Humanitarian support for earthquake victims: EC
Humanitarian support for earthquake victims: Commission’s immediate response
Early this morning, the European
Commission formally adopted its fast track humanitarian
decision for €3 million announced yesterday to provide
urgent assistance to the victims of the South Asia
earthquake. €600,000 has also been earmarked from funds
already available under a previous decision. The aim is to
meet immediate humanitarian needs such as shelter, blankets,
water, food and medical assistance. The funds are being
channelled by the Commission’s Humanitarian Aid department
(ECHO), under the responsibility of the Commissioner Louis
Michel, through experienced operational partners already
working in the region.
On Saturday 8 October 2005, at 08.52 local time, a 7.6 magnitude earthquake occurred with its epicentre 95 km north-east of Islamabad, Pakistan. This is believed to be one of the largest earthquakes to hit the region over the last hundred years.
Latest reports are that more than 20,000 people have died and in excess of 40,000 have been injured across the region. Hundreds of thousands of people are homeless.
The Pakistani Government has requested international assistance and highlighted the need for support in immediate relief. Immediately following the disaster, the European Commission allocated €3.6 million for emergency aid, and EU experts were dispatched to the field to carry out emergency assessments. The most urgent needs already identified are: medical aid and supplies, shelter (winterised tents), blanket and non-food items, water and sanitation, food aid and specific actions such as logistics, telecommunications in emergency and coordination.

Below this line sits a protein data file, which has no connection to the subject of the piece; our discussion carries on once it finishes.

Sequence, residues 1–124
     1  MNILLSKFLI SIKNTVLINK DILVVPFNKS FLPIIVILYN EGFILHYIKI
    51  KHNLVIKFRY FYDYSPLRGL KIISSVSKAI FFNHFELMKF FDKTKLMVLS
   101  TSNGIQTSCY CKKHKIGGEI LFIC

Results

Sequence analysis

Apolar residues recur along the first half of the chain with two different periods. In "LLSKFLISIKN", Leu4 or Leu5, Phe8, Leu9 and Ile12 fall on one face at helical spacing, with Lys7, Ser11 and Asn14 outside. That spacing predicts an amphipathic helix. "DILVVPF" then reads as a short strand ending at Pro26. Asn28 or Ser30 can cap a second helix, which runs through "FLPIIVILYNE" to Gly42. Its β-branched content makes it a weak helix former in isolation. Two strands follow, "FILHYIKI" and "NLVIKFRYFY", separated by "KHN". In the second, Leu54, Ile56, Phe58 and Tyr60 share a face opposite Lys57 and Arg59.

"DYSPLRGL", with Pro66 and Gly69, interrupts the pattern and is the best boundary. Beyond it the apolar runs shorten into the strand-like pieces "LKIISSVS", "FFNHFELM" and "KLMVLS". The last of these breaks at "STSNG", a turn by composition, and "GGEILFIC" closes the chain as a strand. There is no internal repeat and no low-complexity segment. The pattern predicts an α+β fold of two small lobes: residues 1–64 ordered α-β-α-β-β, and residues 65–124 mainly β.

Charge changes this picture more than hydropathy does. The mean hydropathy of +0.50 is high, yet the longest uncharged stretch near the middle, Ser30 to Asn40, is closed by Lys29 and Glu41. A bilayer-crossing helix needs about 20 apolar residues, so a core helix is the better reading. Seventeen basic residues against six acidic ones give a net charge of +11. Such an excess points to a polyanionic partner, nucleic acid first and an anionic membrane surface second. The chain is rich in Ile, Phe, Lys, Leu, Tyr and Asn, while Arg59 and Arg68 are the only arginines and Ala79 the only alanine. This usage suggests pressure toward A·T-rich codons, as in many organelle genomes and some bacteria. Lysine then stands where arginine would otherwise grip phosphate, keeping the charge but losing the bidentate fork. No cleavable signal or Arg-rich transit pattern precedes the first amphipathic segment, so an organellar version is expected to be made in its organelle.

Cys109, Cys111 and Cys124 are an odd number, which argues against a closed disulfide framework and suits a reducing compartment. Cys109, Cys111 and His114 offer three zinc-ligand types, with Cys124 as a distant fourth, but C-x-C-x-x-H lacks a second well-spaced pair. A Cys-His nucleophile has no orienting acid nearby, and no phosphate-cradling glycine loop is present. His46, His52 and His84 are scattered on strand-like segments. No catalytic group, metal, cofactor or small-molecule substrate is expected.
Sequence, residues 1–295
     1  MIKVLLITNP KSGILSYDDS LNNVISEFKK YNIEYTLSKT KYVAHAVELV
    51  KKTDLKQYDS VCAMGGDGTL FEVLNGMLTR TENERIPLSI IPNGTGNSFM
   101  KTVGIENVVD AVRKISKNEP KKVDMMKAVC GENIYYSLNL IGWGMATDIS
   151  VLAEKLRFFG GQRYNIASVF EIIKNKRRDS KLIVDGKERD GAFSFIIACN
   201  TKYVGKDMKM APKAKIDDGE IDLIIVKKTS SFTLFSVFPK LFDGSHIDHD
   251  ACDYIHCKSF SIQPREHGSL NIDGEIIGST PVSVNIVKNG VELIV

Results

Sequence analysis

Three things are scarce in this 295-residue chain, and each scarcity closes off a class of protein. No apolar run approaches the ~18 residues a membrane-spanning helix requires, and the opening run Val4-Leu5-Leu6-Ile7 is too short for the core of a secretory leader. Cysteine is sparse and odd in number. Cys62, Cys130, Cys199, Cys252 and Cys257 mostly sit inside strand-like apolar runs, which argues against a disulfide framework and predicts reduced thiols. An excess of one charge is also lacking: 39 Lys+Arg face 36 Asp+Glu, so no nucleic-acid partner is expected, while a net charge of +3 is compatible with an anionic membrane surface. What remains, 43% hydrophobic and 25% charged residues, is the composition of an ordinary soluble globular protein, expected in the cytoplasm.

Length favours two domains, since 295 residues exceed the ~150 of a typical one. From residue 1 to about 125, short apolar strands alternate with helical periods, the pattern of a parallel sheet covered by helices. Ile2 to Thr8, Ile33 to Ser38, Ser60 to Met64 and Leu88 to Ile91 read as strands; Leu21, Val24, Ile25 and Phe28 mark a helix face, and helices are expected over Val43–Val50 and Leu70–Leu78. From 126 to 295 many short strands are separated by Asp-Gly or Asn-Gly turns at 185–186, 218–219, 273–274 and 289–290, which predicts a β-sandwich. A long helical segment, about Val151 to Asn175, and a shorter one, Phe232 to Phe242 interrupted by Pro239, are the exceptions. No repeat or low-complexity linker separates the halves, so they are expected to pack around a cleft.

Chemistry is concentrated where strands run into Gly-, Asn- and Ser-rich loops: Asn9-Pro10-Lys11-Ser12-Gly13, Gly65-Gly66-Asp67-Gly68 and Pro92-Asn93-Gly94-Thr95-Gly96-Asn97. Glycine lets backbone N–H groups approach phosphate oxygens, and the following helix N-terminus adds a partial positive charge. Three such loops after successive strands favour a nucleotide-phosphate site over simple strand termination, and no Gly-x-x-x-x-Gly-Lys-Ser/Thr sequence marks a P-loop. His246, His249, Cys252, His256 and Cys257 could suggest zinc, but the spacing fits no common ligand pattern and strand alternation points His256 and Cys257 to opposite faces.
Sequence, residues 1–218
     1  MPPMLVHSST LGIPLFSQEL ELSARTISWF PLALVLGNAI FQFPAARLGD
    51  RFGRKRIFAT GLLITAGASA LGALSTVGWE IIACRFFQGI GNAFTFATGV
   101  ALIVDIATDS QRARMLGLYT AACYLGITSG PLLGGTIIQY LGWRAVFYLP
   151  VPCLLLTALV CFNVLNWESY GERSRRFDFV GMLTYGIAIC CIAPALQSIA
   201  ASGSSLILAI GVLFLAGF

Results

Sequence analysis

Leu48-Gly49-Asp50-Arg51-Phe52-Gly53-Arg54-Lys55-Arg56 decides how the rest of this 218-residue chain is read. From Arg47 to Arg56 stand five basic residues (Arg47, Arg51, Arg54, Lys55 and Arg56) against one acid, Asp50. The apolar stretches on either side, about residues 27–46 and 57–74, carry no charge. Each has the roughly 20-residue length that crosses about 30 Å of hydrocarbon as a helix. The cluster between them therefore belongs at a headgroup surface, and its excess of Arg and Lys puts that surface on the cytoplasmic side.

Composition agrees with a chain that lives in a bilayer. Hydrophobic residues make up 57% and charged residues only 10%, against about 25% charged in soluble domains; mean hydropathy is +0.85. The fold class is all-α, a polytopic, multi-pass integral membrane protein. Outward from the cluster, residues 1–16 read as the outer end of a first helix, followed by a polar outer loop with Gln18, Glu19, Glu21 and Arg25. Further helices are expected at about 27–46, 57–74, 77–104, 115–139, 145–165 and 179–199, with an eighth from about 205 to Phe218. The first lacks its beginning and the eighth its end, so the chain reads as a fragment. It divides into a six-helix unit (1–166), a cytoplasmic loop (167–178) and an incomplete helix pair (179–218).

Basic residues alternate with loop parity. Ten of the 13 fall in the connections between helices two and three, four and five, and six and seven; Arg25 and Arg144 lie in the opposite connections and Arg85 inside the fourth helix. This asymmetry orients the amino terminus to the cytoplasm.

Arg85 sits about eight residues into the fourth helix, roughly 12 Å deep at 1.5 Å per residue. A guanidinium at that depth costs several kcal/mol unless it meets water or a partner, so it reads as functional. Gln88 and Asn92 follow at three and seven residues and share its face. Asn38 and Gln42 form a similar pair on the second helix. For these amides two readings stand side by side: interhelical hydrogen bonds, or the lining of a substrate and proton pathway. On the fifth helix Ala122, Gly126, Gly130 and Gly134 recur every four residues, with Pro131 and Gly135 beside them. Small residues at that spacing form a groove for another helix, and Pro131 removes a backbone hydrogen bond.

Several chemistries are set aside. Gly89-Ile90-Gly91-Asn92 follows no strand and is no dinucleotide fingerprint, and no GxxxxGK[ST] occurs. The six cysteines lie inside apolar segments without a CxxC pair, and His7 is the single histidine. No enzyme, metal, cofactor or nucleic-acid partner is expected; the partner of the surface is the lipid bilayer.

To deliver the aid, the European Commission works with experienced implementing partners who have been operating in the region for many years, providing relief to victims of natural disasters and conflicts.
Based on the needs assessed so far, the Commission is already working on a follow-up funding decision for more extensive aid. Areas likely to be covered include emergency and psychosocial support for children and orphans.
EU's Civil Protection Mechanism
The EU's Civil Protection Mechanism was launched on Saturday, following a request for assistance by the Member States.
The role of the Mechanism is to coordinate civil protection assistance from the member states in the most efficient way, to make sure that what is sent is actually also what is needed on site.
So far, France, UK, Germany, Denmark, Spain, Poland and the Netherlands sent assistance in the form of Search and Rescue teams, medical doctors, field hospitals etc. Other countries (Italy, Hungary and Finland) have also offered assistance, which will be deployed when the needs on site are assessed.
Further details on the EU’s Civil Protection Mechanism and its Monitoring and Information Centre can be found in Memo/05/306 and http://europa.eu.int/comm/environment/civil/index.htm